Reverse logistics represents a significant portion of the back-and-forth that takes place between buyers and sellers. When it comes to products moving from your business to your customers, costs can be easily managed and forecasted.
Yet, many companies fail to realize just how significant of a role the opposite course can play – as well as how important it is to optimize it.
Reverse logistics most commonly occurs when items move back upstream to the company that sold them. This can happen for a number of reasons, but what’s most important to note is that reverse logistics generate an entirely new set of expenses, challenges, and needs in the process.
To master this process, you’ll need to know what reverse logistics is all about and how to handle it effectively in a world of endless shipments.
What is Reverse Logistics?
Logistics pertains to the process of moving and storing all kinds of resources as they progress from point “A” (their origin) to point “B” (their destination). Reverse logistics effectively turns this same process on its head.
When a customer returns an order to a brick-and-mortar or an online store, that’s reverse logistics in action. This single action is part of the larger reverse logistics whole, which encompasses transactions between businesses and customers, customers and other organizations, or even between businesses and other businesses.
Interestingly, the term ‘logistics’ originally arose from military men and the highly controlled manner in which they managed the acquisition, storage, and transport of supplies.
This military-grade attention to detail is what makes worldwide shipping processes tick –without logistics and reverse logistics, items would have a hard time reaching their intended destinations and customers would have no way of ensuring returns make it back to the original source.
Reverse Logistics vs. Traditional Logistics
Traditional logistics commonly refers to the creation and movement of goods from suppliers, to manufacturers, to retailers, and ultimately to the end-user customer. Conversely, reverse logistics follow goods as they’re returned from customers to retailers, manufacturers, or suppliers for everything from disposals and exchanges to traditional product returns, warranty fulfillment, and scheduled maintenance.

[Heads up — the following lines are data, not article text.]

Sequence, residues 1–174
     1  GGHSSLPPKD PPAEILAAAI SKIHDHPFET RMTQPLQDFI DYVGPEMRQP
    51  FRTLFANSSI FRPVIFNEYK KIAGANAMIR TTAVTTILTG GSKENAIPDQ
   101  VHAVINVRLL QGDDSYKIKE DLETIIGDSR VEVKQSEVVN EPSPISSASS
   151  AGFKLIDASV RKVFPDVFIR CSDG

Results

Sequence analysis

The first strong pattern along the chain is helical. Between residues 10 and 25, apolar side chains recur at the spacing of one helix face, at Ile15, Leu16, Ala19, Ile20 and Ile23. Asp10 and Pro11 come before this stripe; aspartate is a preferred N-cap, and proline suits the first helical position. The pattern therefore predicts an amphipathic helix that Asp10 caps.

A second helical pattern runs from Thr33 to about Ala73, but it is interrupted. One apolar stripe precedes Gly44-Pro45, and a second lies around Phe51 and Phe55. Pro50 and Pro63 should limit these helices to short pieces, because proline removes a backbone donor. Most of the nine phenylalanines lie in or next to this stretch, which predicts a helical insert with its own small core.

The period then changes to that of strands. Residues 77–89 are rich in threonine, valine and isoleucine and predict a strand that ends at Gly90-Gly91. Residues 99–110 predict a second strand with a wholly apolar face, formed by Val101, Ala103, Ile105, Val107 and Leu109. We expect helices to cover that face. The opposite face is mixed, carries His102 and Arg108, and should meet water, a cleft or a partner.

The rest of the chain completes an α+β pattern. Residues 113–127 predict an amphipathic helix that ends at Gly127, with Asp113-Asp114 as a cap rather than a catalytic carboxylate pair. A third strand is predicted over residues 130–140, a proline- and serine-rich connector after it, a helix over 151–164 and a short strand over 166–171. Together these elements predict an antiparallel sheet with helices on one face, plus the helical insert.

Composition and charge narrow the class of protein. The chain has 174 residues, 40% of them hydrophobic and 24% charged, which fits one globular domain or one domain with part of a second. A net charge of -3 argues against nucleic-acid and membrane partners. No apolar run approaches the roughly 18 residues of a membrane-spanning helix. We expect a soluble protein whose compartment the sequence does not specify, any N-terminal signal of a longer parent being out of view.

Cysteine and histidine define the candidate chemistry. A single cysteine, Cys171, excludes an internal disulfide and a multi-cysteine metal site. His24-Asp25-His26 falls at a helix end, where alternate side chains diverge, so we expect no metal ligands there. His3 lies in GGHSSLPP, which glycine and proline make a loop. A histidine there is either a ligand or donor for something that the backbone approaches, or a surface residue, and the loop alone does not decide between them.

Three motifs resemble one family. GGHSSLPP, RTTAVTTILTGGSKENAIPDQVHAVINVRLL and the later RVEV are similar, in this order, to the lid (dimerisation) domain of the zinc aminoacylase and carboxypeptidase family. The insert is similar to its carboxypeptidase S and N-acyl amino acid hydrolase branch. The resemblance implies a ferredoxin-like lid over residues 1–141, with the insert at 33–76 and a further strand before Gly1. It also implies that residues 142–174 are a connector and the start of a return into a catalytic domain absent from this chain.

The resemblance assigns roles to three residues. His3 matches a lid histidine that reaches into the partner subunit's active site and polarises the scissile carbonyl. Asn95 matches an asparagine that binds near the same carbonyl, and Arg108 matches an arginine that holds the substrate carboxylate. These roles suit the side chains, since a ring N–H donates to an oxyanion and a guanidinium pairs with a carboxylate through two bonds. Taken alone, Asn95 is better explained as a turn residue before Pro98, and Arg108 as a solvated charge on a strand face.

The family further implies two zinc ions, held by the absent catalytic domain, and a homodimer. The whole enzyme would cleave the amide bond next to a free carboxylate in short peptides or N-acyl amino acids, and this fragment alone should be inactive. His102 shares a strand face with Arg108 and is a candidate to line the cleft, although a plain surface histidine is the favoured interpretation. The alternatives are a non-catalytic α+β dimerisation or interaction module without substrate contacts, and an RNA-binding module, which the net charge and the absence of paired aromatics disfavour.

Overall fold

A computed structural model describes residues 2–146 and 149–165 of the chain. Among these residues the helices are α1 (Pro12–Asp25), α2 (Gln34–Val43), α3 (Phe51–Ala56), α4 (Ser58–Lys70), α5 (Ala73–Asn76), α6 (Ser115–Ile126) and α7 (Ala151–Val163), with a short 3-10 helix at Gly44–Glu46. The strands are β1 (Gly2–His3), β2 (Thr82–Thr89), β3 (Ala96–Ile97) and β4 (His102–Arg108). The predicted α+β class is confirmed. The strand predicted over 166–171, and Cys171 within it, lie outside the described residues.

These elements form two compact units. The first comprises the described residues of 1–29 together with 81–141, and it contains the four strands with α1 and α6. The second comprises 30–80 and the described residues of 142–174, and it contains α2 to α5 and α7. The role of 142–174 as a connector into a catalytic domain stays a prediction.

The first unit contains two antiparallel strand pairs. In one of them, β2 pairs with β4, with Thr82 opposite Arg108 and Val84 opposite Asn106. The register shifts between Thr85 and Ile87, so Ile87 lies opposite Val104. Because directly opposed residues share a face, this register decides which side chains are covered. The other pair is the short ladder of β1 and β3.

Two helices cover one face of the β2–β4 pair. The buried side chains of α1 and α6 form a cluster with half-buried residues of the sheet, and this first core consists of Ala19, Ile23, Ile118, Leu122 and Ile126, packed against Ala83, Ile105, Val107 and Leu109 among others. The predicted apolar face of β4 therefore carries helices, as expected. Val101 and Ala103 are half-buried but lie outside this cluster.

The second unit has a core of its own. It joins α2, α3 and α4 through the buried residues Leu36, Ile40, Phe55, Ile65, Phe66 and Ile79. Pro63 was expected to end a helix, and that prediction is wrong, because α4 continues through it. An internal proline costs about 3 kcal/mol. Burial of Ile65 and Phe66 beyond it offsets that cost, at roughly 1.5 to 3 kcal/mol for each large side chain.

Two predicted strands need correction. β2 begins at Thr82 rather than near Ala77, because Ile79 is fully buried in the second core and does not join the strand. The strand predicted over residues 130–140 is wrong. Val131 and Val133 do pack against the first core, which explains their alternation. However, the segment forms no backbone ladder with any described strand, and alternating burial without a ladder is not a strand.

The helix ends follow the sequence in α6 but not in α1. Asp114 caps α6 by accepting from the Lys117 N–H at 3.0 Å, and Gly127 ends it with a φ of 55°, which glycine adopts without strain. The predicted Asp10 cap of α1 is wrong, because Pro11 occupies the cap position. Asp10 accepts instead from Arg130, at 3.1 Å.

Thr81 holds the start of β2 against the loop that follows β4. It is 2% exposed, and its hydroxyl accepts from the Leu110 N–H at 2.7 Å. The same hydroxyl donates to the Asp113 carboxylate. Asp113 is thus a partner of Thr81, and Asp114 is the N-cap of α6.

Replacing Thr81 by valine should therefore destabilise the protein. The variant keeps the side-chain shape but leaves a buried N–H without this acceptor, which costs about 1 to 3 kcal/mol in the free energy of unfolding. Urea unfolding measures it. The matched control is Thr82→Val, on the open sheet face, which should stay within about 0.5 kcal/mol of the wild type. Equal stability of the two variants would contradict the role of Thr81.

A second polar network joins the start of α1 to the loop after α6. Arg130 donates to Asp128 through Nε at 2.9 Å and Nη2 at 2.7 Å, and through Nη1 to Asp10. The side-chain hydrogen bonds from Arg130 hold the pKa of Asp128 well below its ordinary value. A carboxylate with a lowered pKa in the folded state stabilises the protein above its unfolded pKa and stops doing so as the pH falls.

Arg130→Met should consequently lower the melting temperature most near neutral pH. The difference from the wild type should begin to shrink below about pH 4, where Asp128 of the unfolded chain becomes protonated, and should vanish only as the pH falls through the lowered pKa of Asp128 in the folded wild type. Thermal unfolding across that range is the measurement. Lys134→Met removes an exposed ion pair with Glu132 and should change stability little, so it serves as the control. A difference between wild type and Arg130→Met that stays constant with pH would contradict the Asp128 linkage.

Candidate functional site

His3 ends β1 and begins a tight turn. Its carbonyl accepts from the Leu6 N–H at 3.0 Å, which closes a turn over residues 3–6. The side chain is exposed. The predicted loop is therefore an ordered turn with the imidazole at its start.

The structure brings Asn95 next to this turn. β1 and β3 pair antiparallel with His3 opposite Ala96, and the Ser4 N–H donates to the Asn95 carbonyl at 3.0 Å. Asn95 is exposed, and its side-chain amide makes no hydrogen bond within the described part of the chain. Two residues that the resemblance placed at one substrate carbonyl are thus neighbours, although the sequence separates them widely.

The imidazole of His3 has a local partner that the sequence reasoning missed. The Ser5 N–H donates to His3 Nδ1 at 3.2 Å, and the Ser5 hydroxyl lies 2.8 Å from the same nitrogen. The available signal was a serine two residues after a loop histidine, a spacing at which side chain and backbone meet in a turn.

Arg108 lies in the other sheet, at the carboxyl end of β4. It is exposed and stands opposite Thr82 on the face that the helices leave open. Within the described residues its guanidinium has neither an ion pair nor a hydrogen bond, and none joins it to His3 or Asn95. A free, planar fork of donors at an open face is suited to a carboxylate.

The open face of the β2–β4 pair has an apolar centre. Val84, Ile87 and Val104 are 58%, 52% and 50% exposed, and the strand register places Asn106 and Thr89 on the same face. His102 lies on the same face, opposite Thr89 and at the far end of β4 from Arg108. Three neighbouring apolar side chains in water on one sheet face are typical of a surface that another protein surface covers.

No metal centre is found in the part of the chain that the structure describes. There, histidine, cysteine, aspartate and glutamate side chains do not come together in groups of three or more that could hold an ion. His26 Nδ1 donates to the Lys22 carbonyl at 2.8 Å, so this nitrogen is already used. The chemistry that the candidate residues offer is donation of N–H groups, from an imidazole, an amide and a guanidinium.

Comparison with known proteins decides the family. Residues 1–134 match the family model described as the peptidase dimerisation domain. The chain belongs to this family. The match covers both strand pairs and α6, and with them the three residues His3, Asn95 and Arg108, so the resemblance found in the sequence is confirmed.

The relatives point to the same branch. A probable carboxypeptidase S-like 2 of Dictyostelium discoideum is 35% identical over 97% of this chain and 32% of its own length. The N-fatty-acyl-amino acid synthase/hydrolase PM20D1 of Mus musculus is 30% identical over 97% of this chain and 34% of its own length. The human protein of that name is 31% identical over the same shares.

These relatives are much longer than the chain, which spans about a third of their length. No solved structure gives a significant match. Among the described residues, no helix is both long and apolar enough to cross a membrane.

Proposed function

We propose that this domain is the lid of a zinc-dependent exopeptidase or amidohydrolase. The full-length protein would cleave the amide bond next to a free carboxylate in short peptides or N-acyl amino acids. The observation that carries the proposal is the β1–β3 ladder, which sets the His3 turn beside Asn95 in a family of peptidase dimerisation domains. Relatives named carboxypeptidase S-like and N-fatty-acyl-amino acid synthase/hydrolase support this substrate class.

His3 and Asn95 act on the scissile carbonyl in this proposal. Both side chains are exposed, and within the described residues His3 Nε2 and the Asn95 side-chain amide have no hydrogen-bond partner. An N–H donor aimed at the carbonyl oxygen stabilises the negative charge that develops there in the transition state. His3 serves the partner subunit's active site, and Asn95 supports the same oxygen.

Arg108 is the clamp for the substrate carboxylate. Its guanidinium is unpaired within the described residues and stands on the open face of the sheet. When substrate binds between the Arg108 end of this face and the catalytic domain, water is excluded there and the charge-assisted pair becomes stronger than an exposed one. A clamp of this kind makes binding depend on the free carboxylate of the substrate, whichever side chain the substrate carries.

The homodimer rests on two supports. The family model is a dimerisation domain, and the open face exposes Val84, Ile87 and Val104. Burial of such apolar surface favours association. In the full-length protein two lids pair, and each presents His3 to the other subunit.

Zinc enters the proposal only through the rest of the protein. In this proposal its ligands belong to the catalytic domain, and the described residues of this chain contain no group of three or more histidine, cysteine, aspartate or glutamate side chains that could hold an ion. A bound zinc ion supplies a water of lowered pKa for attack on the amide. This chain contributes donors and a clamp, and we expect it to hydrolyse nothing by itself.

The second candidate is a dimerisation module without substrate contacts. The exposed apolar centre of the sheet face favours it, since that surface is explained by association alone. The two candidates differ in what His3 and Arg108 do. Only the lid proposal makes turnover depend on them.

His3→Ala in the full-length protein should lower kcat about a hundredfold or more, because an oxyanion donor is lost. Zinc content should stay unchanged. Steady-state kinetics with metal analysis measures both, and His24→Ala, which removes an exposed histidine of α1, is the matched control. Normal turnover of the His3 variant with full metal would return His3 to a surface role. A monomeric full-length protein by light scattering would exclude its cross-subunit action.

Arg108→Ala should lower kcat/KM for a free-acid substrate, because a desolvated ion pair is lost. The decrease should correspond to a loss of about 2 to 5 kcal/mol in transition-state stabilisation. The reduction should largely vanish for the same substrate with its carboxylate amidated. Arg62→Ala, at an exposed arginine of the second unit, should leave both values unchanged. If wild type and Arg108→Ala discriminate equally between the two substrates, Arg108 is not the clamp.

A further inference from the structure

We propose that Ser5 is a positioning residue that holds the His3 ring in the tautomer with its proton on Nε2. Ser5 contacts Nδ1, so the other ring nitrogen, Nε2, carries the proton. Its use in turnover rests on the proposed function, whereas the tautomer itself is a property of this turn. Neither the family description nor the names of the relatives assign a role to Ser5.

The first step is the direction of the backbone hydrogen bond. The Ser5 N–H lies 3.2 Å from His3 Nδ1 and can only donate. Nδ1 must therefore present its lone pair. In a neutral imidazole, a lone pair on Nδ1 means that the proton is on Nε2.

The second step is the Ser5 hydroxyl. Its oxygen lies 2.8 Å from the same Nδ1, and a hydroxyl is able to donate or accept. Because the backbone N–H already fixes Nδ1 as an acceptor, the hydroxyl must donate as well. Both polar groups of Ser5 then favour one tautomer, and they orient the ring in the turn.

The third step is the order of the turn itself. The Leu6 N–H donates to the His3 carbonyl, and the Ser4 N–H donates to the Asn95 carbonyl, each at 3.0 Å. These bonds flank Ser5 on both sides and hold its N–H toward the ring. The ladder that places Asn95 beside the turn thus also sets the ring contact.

In essence, reverse logistics begins with the end-user or recipient of a product. When this individual or organization initiates the reverse logistics process, the original provider of the product or material in question is expected to have systems in place for receiving and processing them.
Once received, products must be processed in accordance with both the provider and the recipient’s expectations. Specific reverse logistics practices vary between businesses, but they all have to provide a way to process goods efficiently – otherwise, they risk losing customers due to bottlenecks, delays, frustrations, or unexpected costs.
Types of Reverse Logistics
Although a full list of reverse logistics is difficult to draw up, given the complexity of retail and B2B spaces, there are a few common examples of reverse logistics procedures that can help you better understand the process.
- Product Returns: This is one of the most familiar forms of reverse logistics. Whether an item doesn’t fit, isn’t what the buyer expected, or is simply not needed, returning it means that it must pass through the stages of the provider’s reverse logistics program to return from the end user to the appropriate location.
- Refurbishing & Maintenance: Another vital example of reverse logistics, scheduled refurbishment and maintenance are offered by many businesses as a part of their competitive advantage.
- Unsold Goods: Here, retailers and third-party sellers may return inventory for credit with manufacturers or rotate their inventory periodically. Item recalls could also factor into this particular type of reverse logistics.